|Building a Cross-Compiler|
|Building a Crossed-Native Compiler|
|Building a Native Compiler|
This document describes the process that I used to build the GNU Compiler for Java (GCJ) for Windows using the Minimalist GNU for Windows (MinGW) toolkit. I had written this document to avoid having to individually answer frequent queries on this process as well as to encourage people to experiment with creating GCJ for Windows customised to their liking.
The most obvious way to go about doing this would be to build GCJ on Windows using either MSYS or Cygwin. This is known as a “native” build. This is indeed how I first went about it. However, it was painfully slow. It was also rather unreliable due to various bugs in MSYS and due to the case-insensitivity of the Windows filesystems.
This is where the awesome design of the GNU Compiler Collection (GCC), of which GCJ is a part, came to my aid - I was actually able to use the following two-step process instead of the above:
- Build a GCJ on Linux that runs on Linux but creates executables for Windows (known as a “cross-compiler”).
- Using the GCJ created above, build a GCJ on Linux that runs on Windows and creates executables for Windows (known as a “crossed-native compiler”).
This two-step process is actually far faster than the single-step native build process and is also very reliable. I can also test the compiler created like this on Linux itself using either WINE or Windows itself running inside an emulator like QEMU, thus completely avoiding the need to reboot my PC.
It should come as no surprise then, that this is the process I used to build and test GCJ for Windows and this process is what is documented below.
If you have any comments on this document, or if you have any queries that are not answered by it, please feel free to contact me.
The first thing you need is a decent PC running a modern Linux distribution. You would need around 500 MB of free hard disc space for the whole process. You should know how to work under Linux and you should have had some experience in building software from source. Your Linux installation should also have the “development” packages like GCC, binutils, make, bison, flex, etc.
You would need to download the source code for GCC and binutils. I recommend that you get the latest released version of these from a convenient mirror site. If bandwidth is a constraint for you, get only the “core”, “g++” and “java” bundles (compressed tarballs) of GCC.
I will use $TARGET to refer to the target of the code generated by GCC. This can be either “mingw32”, “i386-pc-mingw32” or “i686-pc-mingw32” (without the double quotes) depending on your needs. “mingw32” is the canonical MinGW target and is an alias for “i386-pc-mingw32” at the time of this writing. This represents 32-bit Windows executables that can run on any PC with an i386 or better. If you only want to target Pentium Pro or better (all modern PCs), use “i686-pc-mingw32” instead.
I will use $GCC_SRC_DIR and $BU_SRC_DIR to refer to the folders into which you have extracted the source code for GCC and binutils respectively.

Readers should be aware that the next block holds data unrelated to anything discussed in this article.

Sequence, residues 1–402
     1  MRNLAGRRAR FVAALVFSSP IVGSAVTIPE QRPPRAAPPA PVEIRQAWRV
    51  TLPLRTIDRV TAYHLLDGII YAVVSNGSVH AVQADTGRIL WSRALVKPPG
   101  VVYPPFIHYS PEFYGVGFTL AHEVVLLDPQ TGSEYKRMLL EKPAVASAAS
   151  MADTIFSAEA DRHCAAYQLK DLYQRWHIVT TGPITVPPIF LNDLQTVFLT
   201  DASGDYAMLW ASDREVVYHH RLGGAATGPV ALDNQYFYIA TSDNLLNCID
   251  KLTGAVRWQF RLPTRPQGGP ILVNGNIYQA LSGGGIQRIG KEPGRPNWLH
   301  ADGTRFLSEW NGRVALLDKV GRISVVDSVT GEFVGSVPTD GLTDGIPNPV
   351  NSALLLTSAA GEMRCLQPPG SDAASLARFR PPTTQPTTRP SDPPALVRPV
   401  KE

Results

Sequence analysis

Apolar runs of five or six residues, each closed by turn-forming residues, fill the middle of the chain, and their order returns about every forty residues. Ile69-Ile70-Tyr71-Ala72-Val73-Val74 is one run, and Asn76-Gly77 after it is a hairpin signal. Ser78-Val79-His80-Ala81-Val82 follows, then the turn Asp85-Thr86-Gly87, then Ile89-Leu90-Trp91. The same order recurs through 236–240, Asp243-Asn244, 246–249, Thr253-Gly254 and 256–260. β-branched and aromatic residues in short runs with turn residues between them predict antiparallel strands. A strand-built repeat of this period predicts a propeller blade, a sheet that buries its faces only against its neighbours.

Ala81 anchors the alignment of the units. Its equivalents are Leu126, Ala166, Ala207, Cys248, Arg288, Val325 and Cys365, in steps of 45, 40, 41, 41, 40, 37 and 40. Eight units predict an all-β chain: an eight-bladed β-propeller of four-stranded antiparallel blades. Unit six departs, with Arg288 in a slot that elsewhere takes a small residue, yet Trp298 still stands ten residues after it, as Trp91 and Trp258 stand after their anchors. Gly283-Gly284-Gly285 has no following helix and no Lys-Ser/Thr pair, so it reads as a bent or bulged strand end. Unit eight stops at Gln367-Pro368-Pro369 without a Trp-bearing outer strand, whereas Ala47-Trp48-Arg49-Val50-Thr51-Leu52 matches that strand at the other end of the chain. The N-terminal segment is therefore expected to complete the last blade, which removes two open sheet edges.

Download the latest released versions of the “mingw-runtime” and “w32api” binary packages from the MinGW SourceForge repository.
We will use the following shell scripts to automate the build process:
- cfgxbu.sh - configure Linux to Windows cross-binutils.
- cfgxgcc.sh - configure Linux to Windows cross-GCC.
- cfgwbu.sh - configure Windows cross-native-binutils.
- cfgwgcc.sh - configure Windows crossed-native-GCC.
- buildit.sh - build configured software.
Download and save these scripts into a convenient folder and be sure to give “execute” permission on them.
IMPORTANT: At the top of each of these scripts are variables that you must set correctly to reflect your folder structure. These include the folders where you have extracted the binutils and GCC sources and the folders where the built software would be installed. If you do not do this, the process would most likely fail for you.
Finally, you must have some patience and perseverance as the entire process can take quite a while.
Here are some important notes for this process:
- You must get the binaries for “mingw-runtime” and “w32api”, not the source packages.
- The folders where you build GCC or binutils and the folder into which you finally install them must be totally separate from the folders that contain their respective sources. GCC does not yet properly support building it in the same folder as (or a sub-folder of) the folder that contains its sources. This holds for both the phases of this process.
- Before you start building GCC or binutils (in either phase), you should create a sub-folder named “sys-root” inside the folder into which you would install the GCC and binutils that you would be building. Create a sub-folder named “mingw” inside the “sys-root” folder and then extract the contents of the “mingw-runtime” and “w32api” binary packages as-is into this folder such that the “include” and “lib” sub-folders of this folder (i.e. “sys-root/mingw”) contain the MinGW headers and libraries respectively.
- After you build and install cross-binutils in the first phase, you must modify your PATH environment variable to contain before anything else the path to the “bin” sub-folder of the folder into which you have installed it. If you use the scripts I have provided here, you do not need to do this manually.
- I have used the target “i686-pc-mingw32” in the scripts. If you wish to use a different target (e.g. “i386-pc-mingw32”), you must change the value of the “TARGET” variable in each of the scripts before proceeding with this process.
- At least as of binutils-2.16.1, you must build cross and crossed-native binutils on a file-system that supports creating hard links. GCC does not have such a problem.
- You must have installed YACC and Lex (or equivalent programmes like GNU bison and flex) to build binutils.
Building a Cross-Compiler
We will first need to build a GCC that runs on Linux, but creates executables for Windows. This is sufficient in itself if you prefer Linux to Windows as a development environment.
Follow the following steps in the given order:
- Create a folder outside of either $BU_SRC_DIR or $GCC_SRC_DIR where we will install the cross-compiler. We will call this folder $XGCC_DIR.